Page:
- Thread tension the same for all threads and loopers
As always, you may have to play with your settings a bit to get the appearance where you want it.
A lettuce edge is a wavy, thread-covered edge. It’s a popular finish for shirt sleeves and hems. For the most dramatic waves, use this finish on knit fabrics. You can also use it with wovens, but the results will be more subdued.
Here’s how to make your lettuce edge.
First, set your serger for the rolled hem of your choice. Move your stitch finger to “R” (or your machine’s rolled hem setting) and retract your cutting blade.
Your stitch length should be zero to one.
Set your thread tensions like this:
- Needle thread: 2
- Upper looper: 5
- Lower looper: 8
Again, you may have to experiment a bit to find the settings that give you the amount of wave that you want for your particular project.
A picot edge has a delicate scalloped appearance. It gives a lovely finish to collars and cuffs.
To make a picot edge, first, set your machine for the rolled hem of your choice. For more delicate fabrics, a two-thread rolled hem will work best. I’m working with three threads for my example.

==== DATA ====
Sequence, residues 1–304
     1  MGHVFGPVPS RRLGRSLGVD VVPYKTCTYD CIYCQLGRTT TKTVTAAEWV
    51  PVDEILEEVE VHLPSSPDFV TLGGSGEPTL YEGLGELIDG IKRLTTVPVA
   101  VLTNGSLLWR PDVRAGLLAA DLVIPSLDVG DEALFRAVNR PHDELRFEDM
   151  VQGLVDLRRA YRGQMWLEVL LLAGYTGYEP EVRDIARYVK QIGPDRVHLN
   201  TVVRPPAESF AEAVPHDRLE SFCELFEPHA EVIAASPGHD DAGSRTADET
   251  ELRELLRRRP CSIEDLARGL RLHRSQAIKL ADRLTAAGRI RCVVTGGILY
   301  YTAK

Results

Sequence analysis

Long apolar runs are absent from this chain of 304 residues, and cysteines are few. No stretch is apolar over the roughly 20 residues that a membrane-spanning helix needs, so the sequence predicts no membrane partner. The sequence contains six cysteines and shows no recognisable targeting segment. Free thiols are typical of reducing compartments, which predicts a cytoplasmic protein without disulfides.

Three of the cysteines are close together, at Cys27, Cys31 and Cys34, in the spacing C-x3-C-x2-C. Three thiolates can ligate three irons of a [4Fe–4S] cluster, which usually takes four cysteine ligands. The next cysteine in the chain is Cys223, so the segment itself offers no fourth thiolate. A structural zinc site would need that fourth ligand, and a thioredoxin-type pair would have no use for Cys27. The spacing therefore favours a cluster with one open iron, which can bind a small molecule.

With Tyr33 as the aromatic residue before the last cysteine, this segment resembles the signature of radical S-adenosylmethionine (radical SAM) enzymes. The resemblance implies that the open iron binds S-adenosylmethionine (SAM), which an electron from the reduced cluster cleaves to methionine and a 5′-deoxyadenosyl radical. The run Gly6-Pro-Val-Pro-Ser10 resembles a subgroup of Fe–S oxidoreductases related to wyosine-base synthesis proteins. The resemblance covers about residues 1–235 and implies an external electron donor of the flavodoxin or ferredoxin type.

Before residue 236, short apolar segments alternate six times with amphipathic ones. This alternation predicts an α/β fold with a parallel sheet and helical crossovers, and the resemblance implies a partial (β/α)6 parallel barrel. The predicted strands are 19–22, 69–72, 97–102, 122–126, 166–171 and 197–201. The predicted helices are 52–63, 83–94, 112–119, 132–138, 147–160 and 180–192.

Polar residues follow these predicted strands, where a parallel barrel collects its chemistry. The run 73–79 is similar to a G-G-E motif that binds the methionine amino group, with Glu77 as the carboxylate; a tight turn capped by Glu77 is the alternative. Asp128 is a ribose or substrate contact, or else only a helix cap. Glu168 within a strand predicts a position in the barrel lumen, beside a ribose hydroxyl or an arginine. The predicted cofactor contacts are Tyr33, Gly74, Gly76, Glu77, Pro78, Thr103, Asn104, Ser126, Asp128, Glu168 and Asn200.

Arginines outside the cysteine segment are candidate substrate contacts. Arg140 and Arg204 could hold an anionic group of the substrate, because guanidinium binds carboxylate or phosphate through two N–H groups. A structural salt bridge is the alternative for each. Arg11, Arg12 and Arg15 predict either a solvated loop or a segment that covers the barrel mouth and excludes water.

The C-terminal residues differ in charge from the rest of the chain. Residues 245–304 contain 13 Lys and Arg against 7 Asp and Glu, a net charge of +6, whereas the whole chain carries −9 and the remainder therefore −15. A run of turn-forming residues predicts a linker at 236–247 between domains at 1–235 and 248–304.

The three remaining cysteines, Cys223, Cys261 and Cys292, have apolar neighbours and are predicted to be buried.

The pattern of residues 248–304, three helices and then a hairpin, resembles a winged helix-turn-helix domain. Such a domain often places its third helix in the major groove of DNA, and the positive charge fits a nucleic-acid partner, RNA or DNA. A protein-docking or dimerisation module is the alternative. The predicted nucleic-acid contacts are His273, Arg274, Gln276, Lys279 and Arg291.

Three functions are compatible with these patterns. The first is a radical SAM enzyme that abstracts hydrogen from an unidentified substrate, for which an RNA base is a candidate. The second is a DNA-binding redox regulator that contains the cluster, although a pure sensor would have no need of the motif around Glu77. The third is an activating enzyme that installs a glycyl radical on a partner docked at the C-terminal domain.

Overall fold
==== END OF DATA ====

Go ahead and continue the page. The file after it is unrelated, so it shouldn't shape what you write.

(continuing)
Retract your cutting blade, and move your stitch finger into the rolled hem position.
Now, increase your stitch length. I’ve set mine to 4, which is the longest stitch on my serger.
Increase the tension of your lower looper so that it pulls the upper looper thread over to the other side. In this example, my lower looper tension is on 9, which is the maximum for my machine.
- Rolled hem setting
- Cutting blade out of the way
- Use one needle (your choice)
- Stitch length at maximum
- Needle thread tension: average (I used setting 3)
- Upper looper thread tension: a bit lower than average (I used setting 2)
- Lower looper thread tension: near maximum (I used 8)
- Differential feed at neutral (or 1)
As always, practice and experimentation will help you to get your settings just right.
Decorative Serger Sewing: More Than Just Seams and Edges
Your serger is more than just a tool for making seams and edges. You can use its unique features to create spectacular decorative effects, as well.
What’s your favorite serger decoration? Tell us about it in the comments!